In 2015 the Diversity Baseline Survey was run with publishers and reviewer who voluntarily agreed to respond. Results are available at : http://blog.leeandlow.com/2016/01/26/where-is-the-diversity-in-publishing-the-2015-diversity-baseline-survey-results/ 
 These numbers illustrate why the publishing monolith is slow to change regarding book diversity. But it was also slow about eBooks (I remember when traditional publishers considered them just a fad something to worry about in ten or fifteen years and noticing almost too late that the fad had grown to s tsunami). Ditto about indie authors whose ranks are growing daily, even sweeping some mainstream authors away from their established houses into roles where they can write with fewer restrictions. worlds. Many publishing professionals talk about diverse books not selling as if that were dogma.

But change comes.

Diversity in the the next faces hired in publishing is as important as seeing the next books with Native American, Latina/o, Asian American, African American, disabled or LGBTQIAP authors. He who controls the pen controls the story.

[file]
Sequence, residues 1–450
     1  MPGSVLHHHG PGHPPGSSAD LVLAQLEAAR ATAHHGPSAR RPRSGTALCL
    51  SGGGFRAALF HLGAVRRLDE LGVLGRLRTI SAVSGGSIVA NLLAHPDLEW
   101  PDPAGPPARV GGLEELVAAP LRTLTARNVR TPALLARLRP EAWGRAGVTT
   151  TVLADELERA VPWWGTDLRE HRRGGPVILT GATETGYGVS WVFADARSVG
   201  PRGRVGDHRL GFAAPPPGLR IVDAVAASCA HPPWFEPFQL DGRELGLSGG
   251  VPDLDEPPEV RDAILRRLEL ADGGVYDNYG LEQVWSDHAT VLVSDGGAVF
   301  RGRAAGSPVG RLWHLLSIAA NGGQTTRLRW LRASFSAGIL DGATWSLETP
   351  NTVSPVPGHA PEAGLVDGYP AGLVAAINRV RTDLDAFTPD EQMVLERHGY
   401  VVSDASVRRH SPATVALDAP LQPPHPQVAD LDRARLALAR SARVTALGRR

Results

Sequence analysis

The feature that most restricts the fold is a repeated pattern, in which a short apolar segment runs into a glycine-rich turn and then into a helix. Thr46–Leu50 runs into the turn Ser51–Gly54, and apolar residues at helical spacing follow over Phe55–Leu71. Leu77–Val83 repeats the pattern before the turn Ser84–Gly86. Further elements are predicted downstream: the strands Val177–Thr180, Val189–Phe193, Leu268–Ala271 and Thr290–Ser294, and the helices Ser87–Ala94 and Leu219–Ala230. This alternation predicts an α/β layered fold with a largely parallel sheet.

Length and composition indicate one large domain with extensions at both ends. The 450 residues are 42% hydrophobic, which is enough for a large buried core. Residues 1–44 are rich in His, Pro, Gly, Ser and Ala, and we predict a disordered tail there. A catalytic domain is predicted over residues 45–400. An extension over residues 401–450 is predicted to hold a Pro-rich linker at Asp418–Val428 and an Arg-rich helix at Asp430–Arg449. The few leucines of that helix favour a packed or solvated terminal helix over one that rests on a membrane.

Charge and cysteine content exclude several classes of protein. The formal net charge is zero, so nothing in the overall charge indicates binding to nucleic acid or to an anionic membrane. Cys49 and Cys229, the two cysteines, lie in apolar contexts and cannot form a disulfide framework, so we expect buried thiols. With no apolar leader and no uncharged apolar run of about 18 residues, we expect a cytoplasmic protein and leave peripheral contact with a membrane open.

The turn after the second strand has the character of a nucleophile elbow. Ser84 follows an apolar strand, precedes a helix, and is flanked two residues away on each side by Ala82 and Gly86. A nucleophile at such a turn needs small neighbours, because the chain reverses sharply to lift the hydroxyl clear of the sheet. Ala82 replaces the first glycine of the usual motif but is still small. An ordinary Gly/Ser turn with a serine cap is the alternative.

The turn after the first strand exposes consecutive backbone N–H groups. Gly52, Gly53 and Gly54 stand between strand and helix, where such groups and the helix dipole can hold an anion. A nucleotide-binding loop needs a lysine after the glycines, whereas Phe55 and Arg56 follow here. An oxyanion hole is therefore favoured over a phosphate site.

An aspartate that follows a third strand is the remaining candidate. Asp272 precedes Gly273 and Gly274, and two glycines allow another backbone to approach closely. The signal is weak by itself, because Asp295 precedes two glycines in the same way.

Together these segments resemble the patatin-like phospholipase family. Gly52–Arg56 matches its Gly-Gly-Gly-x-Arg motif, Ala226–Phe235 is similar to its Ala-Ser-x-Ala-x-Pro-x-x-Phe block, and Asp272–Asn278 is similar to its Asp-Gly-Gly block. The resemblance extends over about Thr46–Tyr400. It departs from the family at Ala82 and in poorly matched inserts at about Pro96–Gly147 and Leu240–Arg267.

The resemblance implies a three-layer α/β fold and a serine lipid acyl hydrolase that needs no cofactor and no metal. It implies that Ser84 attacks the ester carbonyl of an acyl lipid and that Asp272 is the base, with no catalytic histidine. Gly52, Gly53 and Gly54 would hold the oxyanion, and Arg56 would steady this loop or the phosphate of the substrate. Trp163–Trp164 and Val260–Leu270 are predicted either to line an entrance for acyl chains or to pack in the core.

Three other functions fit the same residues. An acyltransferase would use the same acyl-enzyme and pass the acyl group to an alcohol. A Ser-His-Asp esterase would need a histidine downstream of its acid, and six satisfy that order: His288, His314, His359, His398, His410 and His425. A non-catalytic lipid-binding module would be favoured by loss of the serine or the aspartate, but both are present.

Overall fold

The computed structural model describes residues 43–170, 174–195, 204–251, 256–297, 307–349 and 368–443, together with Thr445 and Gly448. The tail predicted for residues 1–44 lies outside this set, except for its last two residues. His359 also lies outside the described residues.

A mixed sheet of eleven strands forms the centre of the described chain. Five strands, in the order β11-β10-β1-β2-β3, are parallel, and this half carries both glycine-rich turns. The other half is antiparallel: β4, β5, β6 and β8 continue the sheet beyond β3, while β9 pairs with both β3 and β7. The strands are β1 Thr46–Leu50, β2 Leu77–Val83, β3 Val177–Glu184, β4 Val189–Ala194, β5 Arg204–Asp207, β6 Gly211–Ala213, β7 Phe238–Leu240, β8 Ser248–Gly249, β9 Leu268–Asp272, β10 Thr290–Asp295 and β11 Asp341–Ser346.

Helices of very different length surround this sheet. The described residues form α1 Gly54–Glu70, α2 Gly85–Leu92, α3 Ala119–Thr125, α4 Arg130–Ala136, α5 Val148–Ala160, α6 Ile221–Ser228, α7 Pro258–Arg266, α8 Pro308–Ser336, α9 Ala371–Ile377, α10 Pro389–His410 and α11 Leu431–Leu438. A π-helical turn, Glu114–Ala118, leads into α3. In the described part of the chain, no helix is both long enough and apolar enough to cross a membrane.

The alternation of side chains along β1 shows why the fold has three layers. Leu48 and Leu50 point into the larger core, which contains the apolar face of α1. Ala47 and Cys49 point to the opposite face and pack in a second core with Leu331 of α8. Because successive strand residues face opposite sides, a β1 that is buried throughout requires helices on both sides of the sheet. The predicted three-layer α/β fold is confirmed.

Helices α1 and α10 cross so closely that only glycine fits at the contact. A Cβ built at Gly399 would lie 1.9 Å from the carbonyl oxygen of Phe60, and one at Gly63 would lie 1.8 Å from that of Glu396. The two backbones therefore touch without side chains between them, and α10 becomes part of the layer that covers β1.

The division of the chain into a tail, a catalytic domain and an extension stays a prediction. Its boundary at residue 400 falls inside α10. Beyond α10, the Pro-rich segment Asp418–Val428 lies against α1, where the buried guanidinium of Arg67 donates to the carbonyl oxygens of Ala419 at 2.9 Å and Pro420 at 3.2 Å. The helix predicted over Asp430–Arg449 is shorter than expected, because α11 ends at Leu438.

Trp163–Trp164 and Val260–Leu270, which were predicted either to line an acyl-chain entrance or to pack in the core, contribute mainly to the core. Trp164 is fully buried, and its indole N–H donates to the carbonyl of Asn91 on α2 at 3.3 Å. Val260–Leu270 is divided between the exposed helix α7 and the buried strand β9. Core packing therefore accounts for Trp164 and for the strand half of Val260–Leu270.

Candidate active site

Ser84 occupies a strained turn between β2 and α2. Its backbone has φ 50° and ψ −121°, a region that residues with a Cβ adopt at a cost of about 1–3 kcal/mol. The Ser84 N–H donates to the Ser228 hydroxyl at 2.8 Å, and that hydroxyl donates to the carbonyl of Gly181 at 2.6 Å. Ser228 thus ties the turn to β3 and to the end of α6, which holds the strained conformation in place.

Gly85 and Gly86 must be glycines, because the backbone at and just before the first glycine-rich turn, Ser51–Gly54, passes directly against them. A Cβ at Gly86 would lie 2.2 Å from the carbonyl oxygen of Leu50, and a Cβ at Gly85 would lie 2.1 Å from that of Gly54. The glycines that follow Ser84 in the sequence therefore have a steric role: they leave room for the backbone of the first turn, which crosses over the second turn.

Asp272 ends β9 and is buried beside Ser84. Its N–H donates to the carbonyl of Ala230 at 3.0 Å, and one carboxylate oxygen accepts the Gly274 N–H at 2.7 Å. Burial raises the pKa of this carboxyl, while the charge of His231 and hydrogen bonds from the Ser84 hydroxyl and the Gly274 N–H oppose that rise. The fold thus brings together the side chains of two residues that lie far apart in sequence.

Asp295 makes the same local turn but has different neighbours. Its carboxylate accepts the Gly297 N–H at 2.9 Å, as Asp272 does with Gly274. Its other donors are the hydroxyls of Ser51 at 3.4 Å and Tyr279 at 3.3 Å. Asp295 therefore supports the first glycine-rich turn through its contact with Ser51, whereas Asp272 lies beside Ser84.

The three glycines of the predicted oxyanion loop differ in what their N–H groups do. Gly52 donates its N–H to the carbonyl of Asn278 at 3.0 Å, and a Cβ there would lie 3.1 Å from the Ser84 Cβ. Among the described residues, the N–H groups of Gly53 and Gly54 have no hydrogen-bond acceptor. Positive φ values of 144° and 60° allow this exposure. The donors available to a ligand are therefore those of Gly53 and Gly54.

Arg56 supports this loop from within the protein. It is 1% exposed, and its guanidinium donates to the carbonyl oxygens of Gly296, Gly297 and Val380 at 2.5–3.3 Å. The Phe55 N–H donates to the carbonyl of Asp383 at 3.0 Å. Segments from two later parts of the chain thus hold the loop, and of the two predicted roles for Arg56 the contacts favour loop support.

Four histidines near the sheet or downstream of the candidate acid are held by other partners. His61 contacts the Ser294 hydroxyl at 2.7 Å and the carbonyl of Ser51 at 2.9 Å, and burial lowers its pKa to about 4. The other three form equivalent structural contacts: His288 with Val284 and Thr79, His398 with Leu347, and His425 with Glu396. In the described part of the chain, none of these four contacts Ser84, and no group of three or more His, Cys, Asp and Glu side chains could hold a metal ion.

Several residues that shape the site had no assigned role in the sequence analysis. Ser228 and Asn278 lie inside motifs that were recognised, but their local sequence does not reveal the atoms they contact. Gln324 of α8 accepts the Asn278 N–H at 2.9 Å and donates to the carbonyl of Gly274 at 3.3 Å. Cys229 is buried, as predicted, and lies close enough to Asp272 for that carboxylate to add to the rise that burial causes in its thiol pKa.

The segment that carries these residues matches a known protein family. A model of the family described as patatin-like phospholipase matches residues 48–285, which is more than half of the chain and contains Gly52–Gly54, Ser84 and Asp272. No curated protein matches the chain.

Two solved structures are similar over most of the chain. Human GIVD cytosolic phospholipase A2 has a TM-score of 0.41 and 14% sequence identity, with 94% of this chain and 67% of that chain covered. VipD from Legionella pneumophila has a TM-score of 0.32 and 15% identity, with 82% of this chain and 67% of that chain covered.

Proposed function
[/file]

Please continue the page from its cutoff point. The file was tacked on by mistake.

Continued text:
For this month I want to showcase one of those change agents, fellow children's author, Christine Taylor-Butler

In June 2015, I was asked to appear at a predominantly white middle school in Colchester Connecticut to talk about The Lost Tribes. [Her 2015 release] It was clear I was a Black woman. It was equally clear the characters were likely minority. I'd shown a black illustration of a boy as Spiderman along with other multicultural illustrations having nothing to do with the characters in my examples. The day after my appearance the librarian contacted the publisher and said the students were lined up outside her office with money and could they send more books for the kids to by. This fall, when the semester was in full swing, the librarian tweeted that the book was the number one circulating title at their library. I think there is hope that students are more open minded about reading than adults give them credit for.

In a similar vein, I ran a challenge. Five puzzles in five days. The winning entries that solved all five challenges would be put in a drawing for a SKYPE visit and a set of autographed books. There were 1250 hits on the site nationwide. The winners were a young boy, and a fourth grade class in a rural Kansas town. Our SKYPE discussion about the book ran over.